Iraqi Government Forces Continue Battle to Retake Fallujah
by Edward Yeranian June 11, 2016
Iraqi government forces met heavy resistance from Islamic State militants in their weeks-old offensive to retake the Anbar provincial town of Fallujah. Two suicide attacks also hit a revered Shi'ite shrine in Damascus.
Iraqi government forces and their Shi'ite militia allies fought to wrest the Anbar province bastion of Fallujah from Islamic State militants Saturday amid conflicting reports on progress.
Iraqi Defense Minister Khaled al-Obeidi claimed during a visit to the battle zone Saturday that government forces were advancing along a new front from the west of the city.
He says the Iraqi army's Eighth Brigade has entered the western districts of Fuleihat and Subeihat and is advancing toward the Bou Alwan bridge.
Fighting raged along three fronts, but government attempts to push into the southern district of Shuhadah appeared to meet heavy resistance, despite government claims that elite counterterrorism units were just 3 kilometers from the city center.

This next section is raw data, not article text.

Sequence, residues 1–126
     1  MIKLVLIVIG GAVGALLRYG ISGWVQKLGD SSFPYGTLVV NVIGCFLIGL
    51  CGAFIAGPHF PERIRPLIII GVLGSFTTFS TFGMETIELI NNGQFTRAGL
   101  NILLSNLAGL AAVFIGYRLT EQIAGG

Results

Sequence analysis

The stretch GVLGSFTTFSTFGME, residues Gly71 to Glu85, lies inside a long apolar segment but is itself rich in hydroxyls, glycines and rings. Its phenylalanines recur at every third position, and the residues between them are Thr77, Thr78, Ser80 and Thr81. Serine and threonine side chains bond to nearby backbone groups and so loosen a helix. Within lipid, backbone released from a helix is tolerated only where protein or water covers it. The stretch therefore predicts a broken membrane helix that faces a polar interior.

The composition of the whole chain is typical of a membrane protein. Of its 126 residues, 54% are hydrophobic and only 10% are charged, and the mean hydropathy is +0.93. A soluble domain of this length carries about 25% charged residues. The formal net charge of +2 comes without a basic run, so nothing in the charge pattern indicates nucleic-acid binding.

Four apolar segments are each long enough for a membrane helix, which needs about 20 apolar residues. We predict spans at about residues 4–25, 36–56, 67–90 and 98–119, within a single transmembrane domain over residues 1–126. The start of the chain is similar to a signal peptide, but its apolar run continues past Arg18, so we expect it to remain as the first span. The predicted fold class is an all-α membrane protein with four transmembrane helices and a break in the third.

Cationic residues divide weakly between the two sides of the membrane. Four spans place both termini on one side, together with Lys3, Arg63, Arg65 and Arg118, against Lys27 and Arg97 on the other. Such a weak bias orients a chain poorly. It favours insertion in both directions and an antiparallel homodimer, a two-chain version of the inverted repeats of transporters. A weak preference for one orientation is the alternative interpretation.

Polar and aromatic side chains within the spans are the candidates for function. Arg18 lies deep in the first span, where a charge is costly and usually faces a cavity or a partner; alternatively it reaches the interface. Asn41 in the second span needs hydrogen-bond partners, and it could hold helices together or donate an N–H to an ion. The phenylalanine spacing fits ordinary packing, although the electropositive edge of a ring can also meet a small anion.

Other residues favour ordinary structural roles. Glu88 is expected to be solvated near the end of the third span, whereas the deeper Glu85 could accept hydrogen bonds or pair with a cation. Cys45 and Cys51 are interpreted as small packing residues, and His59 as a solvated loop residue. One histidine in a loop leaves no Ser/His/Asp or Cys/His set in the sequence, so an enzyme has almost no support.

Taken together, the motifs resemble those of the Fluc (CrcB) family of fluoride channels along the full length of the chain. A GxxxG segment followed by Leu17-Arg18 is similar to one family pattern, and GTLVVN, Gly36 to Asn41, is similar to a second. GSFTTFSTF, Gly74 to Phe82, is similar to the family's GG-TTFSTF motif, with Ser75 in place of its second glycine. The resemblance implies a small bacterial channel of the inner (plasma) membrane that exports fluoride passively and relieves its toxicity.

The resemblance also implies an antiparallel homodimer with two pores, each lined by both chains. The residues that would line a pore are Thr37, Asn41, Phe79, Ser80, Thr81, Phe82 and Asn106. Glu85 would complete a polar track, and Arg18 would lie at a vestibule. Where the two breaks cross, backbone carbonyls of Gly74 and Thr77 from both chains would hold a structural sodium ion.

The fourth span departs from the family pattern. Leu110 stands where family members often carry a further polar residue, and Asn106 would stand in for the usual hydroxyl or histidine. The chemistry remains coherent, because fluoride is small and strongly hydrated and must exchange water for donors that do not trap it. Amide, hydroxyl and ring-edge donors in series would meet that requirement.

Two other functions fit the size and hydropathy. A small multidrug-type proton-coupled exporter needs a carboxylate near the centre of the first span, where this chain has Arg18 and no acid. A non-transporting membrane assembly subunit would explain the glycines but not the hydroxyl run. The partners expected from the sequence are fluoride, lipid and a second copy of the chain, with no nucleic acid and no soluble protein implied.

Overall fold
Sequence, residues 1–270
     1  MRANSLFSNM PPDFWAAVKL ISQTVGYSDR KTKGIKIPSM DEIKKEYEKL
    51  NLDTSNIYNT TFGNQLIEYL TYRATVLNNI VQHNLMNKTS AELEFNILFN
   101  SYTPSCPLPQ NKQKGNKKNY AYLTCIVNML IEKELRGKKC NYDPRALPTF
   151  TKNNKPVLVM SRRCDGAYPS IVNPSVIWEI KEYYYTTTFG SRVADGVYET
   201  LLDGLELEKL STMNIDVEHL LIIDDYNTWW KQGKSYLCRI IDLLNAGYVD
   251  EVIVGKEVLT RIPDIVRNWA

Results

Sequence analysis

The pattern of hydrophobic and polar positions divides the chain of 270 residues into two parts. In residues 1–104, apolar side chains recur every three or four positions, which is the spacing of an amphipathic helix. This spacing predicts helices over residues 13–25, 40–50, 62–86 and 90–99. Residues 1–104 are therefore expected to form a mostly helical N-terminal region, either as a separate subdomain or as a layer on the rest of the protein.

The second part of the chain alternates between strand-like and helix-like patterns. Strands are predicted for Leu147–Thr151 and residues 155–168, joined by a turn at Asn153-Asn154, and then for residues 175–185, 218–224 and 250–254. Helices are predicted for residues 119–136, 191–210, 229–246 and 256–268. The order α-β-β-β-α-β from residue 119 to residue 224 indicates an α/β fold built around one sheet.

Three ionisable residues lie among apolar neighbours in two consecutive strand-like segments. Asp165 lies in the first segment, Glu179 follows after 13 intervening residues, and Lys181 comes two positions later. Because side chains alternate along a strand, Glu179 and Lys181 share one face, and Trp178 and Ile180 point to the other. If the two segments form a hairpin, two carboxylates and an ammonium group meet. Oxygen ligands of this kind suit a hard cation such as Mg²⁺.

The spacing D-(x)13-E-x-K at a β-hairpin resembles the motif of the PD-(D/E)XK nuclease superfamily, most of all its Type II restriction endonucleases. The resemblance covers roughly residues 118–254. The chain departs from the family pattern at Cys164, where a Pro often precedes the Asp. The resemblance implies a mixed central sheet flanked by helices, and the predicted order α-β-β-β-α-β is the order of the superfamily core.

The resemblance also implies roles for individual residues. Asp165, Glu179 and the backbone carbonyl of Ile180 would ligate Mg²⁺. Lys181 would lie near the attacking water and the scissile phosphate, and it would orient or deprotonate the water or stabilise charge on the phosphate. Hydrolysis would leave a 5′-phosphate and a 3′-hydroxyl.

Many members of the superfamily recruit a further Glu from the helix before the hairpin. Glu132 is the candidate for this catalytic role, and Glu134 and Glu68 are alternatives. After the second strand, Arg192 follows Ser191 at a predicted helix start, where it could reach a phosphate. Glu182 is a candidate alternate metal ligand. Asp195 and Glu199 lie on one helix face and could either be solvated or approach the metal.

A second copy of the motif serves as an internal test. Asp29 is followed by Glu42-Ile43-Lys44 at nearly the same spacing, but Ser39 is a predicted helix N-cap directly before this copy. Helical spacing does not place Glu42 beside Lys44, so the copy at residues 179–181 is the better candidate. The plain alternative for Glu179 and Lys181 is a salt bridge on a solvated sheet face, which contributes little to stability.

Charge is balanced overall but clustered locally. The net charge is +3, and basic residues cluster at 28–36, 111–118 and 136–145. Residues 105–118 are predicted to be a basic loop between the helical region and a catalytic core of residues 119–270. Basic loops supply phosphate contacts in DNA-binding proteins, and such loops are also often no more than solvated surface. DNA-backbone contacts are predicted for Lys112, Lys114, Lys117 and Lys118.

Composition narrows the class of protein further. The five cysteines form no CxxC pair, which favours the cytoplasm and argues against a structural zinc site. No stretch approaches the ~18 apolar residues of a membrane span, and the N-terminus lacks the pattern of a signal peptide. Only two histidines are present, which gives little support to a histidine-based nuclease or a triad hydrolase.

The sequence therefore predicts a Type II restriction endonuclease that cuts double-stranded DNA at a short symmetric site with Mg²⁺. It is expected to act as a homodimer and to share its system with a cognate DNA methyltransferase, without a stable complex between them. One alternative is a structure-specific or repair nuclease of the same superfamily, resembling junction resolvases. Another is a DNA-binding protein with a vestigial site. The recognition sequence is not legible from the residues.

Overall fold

Al-Jazeera TV reported that IS militants had repulsed government forces trying to enter Fallujah from the south. The TV channel also claimed that IS suicide attacks on government forces north of Fallujah had caused heavy casualties. VOA could not independently confirm either report.
Iraqi media showed video of women and children fleeing the city, amid reports of dire sanitary conditions and widespread malnutrition.
In Syria, a pair of suicide attacks rocked the capital, Damascus, Saturday morning, causing numerous casualties, according to state TV. A TV correspondent said one blast, near a market, might have claimed more lives but for the light Ramadan traffic.
Heavy plumes of black smoke engulfed the scene of the first explosion in the Sayeda Zeinab district, as firefighters poured water on blazing wreckage.
The Islamic State group claimed responsibility for the Sayeda Zeinab blast, which struck the area near a revered Shi'ite shrine. The district normally has Shi'ite visitors from neighboring Lebanon, Iraq and Iran.
A number of explosions have targeted Sayeda Zeinab during the past several years, threatening to exacerbate already heavy sectarian tensions.
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